132. Sih, A., Krupa, J., & Travers, S. (1990). An experimental study on the effects of predation risk and feeding regime on the mating behavior of the water strider. American Naturalist, 135, 284–290.CrossRefGoogle Scholar
  133. Simmons, L. W., & Kvarnemo, C. (2006). Costs of breeding and their effects on the direction of sexual selection. Proceedings of the Royal Society B, 273, 465–470.PubMedCrossRefGoogle Scholar
  134. Simmons, L. W., Zuk, M., & Rotenberry, J. T. (2005). Immune function reflected in calling song characteristics in a natural population of the cricket Teleogryllus commodus. Animal Behaviour, 69, 1235–1241.CrossRefGoogle Scholar
  135. Siva-Jothy, M. T. (2000). A mechanistic link between parasite resistance and expression of a sexually selected trait in a damselfly. Proceedings of the Royal Society B, 267, 2523–2527.PubMedCrossRefGoogle Scholar
  136. Siva-Jothy, M. T., Tsubaki, Y., & Hooper, R. E. (1998). Decreased immune response as a proximate cost of copulation and oviposition in a damselfly. Physiological Entomology, 23, 274–277.CrossRefGoogle Scholar
  137. Solensky, M. J., & Oberhauser, K. S. (2009). Male monarch butterflies, Danaus plexippus, adjust ejaculates in response to intensity of sperm competition. Animal Behaviour, 77, 465–472.CrossRefGoogle Scholar
  138. South, S. H., Steiner, D., & Arnqvist, G. (2009). Male mating costs in a polygynous mosquito with ornaments expressed in both sexes. Proceedings of the Royal Society B, 276, 3671–3678.PubMedCrossRefGoogle Scholar
  139. Sparkes, T. C., Keogh, D. P., & Pary, R. A. (1996). Energetic costs of mate guarding behavior in male stream-dwelling isopods. Oecologia, 106, 166–171.CrossRefGoogle Scholar
  140. Spratt, E. C. (1980). Male homosexual behaviour and other factors influencing adult longevity in Tribolium castaneum (Herbst) and T. confusum Duval. Journal of Stored Products Research, 16, 109–114.CrossRefGoogle Scholar
  141. Stearns, S. C. (1992). The evolution of life histories. Oxford: Oxford University Press.Google Scholar
  142. Steiger, S., Franz, R., Eggert, A. K., & Müller, J. K. (2008). The Coolidge effect, individual recognition and selection for distinctive cuticular signatures in a burying beetle. Proceedings of the Royal Society B, 275, 1831–1838.PubMedCrossRefGoogle Scholar
  143. Stjernholm, F., & Karlsson, B. (2006). Reproductive expenditure affects utilization of thoracic and abdominal resources in male Pieris napi butterflies. Functional Ecology, 20, 442–448.CrossRefGoogle Scholar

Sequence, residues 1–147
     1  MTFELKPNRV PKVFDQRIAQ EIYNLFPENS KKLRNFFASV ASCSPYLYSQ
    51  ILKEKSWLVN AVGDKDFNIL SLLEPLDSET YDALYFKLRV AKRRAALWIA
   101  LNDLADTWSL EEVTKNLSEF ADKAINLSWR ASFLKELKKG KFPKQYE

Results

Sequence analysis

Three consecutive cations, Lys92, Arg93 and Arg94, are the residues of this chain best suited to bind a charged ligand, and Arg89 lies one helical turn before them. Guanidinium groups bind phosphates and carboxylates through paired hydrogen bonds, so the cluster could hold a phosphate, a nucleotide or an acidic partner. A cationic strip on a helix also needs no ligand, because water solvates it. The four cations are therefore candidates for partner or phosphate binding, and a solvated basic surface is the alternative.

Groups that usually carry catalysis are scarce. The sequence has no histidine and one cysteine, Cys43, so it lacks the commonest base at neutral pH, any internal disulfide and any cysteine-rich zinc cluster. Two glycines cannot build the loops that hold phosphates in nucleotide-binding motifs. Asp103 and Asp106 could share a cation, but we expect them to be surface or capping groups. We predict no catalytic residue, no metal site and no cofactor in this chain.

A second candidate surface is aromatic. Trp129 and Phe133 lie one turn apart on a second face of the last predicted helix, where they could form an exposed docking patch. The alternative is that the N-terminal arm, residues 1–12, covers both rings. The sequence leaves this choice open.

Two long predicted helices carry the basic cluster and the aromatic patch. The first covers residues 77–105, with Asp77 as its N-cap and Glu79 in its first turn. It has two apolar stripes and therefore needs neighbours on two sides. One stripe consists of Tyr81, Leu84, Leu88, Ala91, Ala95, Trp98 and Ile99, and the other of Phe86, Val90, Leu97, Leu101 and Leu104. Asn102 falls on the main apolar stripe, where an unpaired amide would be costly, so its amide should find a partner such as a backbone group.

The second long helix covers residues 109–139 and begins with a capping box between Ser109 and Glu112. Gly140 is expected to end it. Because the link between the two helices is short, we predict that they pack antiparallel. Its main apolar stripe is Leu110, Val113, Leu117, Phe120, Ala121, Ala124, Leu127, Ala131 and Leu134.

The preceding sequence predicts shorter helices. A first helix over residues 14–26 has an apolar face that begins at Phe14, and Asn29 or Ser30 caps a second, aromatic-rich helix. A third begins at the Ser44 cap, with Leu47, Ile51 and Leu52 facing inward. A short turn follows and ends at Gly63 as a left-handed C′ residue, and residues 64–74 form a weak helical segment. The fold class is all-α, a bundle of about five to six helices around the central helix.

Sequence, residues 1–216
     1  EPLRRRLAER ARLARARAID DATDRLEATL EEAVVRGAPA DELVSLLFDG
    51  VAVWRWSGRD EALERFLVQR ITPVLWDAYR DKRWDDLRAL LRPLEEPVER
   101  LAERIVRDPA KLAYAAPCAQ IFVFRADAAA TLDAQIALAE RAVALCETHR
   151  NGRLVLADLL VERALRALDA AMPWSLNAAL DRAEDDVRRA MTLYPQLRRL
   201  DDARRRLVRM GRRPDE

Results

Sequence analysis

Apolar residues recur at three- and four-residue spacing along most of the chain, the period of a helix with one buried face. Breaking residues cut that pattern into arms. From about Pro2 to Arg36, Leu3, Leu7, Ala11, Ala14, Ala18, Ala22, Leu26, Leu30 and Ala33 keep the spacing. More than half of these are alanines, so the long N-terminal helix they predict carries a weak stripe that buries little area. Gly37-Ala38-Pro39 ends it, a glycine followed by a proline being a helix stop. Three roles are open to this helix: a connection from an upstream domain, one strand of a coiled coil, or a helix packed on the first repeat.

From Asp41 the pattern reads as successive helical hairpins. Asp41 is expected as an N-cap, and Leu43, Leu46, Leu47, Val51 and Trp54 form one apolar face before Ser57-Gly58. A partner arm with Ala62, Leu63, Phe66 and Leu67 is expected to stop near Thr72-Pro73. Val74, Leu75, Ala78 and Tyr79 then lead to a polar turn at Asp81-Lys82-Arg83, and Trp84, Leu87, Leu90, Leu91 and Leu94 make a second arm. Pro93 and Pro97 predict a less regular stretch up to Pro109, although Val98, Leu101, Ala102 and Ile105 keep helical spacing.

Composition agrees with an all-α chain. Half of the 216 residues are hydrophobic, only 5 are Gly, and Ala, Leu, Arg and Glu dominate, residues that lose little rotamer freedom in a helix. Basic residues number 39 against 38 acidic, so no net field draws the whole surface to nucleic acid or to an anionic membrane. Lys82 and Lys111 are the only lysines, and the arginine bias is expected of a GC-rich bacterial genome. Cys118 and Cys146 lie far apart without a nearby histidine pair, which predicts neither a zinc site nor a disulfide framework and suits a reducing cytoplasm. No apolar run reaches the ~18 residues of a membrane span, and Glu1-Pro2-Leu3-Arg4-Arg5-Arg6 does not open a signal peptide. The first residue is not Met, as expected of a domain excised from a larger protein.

144. Svensson, G. P., Löfstedt, C., & Skals, N. (2004). The odour makes the difference: Male moths attracted by sex pheromones ignore the threat by predatory bats. Oikos, 104, 91–97.CrossRefGoogle Scholar
  145. Svensson, B. G., Petersson, E., & Forsgren, E. (1989). Why do males of the dance fly Empis borealis refuse to mate? The importance of female age and size. Journal of Insect Behavior, 2, 387–395.CrossRefGoogle Scholar
  146. Torres-Vila, L. M., & Jennions, M. D. (2005). Male mating history and female fecundity in the Lepidoptera: Do male virgins make better partners? Behavioral Ecology and Sociobiology, 57, 318–326.CrossRefGoogle Scholar
  147. Valtonen, T. M., Viitaniemi, H., & Rantala, M. J. (2010). Copulation enhances resistance against an entomopathogenic fungus in the mealworm beetle Tenebrio molitor. Parasitology, 137, 985–989.PubMedCrossRefGoogle Scholar
  148. Van Duren, L. A., & Videler, J. J. (1996). The trade-off between feeding, mate seeking and predator avoidance in copepods: Behavioural responses to chemical cues. Journal of Plankton Research, 18, 805–818.CrossRefGoogle Scholar
  149. Van Voorhies, W. A. (1992). Production of sperm reduces nematode lifespan. Nature, 360, 456–458.PubMedCrossRefGoogle Scholar
  150. Verdolin, J. L. (2006). Meta-analysis of foraging and predation risk trade-offs in terrestrial systems. Behavioral Ecology and Sociobiology, 60, 457–464.CrossRefGoogle Scholar
  151. Waage, J. K. (1988). Confusion over residency and the escalation of damselfly territorial disputes. Animal Behaviour, 36, 586–595.CrossRefGoogle Scholar
  152. Ward, P. I. (1986). A comparative field study of the breeding behaviour of a stream and a pond population of Gammarus pulex (Amphipoda). Oikos, 46, 29–36.CrossRefGoogle Scholar
  153. Wedell, N. (2010). Variation in male courtship costs in butterflies. Behavioral Ecology and Sociobiology, 64, 1385–1391.CrossRefGoogle Scholar
  154. Wedell, N., Gage, M. J. G., & Parker, G. A. (2002). Sperm competition, male prudence and sperm-limited females. Trends in Ecology & Evolution, 17, 313–319.CrossRefGoogle Scholar
  155. Zahavi, A., & Zahavi, A. (1997). The handicap principle: A missing piece of Darwin’s puzzle. Oxford: Oxford University Press.Google Scholar
  156. Zuk, M., & Kolluru, G. R. (1998). Exploitation of sexual signals by predators and parasitoids. Quarterly Review of Biology, 73, 415–438.CrossRefGoogle Scholar
  157. Zuk, M., & McKean, K. A. (1996). Sex differences in parasite infections: Patterns and processes. International Journal of Parasitology, 26, 1009–1024.PubMedGoogle Scholar
  158. Zuk, M., Rotenberry, J. T., & Simmons, L. W. (1998). Calling songs of field crickets (Teleogryllus oceanicus) with and without phonotactic parasitoid infection. Evolution, 52, 166–171.CrossRefGoogle Scholar

Copyright information

© Springer Science+Business Media New York 2012

Authors and Affiliations

  • Inon Scharf
    • 1
  • Franziska Peter
    • 2
  • Oliver Y. Martin
    • 2
  1. 1.Department of Zoology, Faculty of Life SciencesTel Aviv UniversityTel AvivIsrael
  2. 2.Experimental Ecology, Institute of Integrative Biology IBZETH ZürichZurichSwitzerland

Personalised recommendations